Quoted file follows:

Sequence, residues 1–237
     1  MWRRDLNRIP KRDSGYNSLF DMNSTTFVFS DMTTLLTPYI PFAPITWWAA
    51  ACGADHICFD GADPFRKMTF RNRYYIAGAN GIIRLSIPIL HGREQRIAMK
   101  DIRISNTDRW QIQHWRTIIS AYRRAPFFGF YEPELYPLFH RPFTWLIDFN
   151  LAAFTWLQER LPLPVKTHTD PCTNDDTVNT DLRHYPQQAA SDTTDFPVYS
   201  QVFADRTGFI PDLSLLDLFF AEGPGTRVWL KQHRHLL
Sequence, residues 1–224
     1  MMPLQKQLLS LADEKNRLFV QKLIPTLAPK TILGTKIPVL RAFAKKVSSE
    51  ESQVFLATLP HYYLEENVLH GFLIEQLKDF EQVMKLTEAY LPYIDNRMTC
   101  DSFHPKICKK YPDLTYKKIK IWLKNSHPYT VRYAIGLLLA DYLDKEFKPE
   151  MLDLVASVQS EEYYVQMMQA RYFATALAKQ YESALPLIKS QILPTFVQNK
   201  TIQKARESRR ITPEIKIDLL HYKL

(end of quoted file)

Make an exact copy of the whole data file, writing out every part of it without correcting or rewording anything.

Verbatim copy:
Sequence, residues 1–237
     1  MWRRDLNRIP KRDSGYNSLF DMNSTTFVFS DMTTLLTPYI PFAPITWWAA
    51  ACGADHICFD GADPFRKMTF RNRYYIAGAN GIIRLSIPIL HGREQRIAMK
   101  DIRISNTDRW QIQHWRTIIS AYRRAPFFGF YEPELYPLFH RPFTWLIDFN
   151  LAAFTWLQER LPLPVKTHTD PCTNDDTVNT DLRHYPQQAA SDTTDFPVYS
   201  QVFADRTGFI PDLSLLDLFF AEGPGTRVWL KQHRHLL
Sequence, residues 1–224
     1  MMPLQKQLLS LADEKNRLFV QKLIPTLAPK TILGTKIPVL RAFAKKVSSE
    51  ESQVFLATLP HYYLEENVLH GFLIEQLKDF EQVMKLTEAY LPYIDNRMTC
   101  DSFHPKICKK YPDLTYKKIK IWLKNSHPYT VRYAIGLLLA DYLDKEFKPE
   151  MLDLVASVQS EEYYVQMMQA RYFATALAKQ YESALPLIKS QILPTFVQNK
   201  TIQKARESRR ITPEIKIDLL HYKL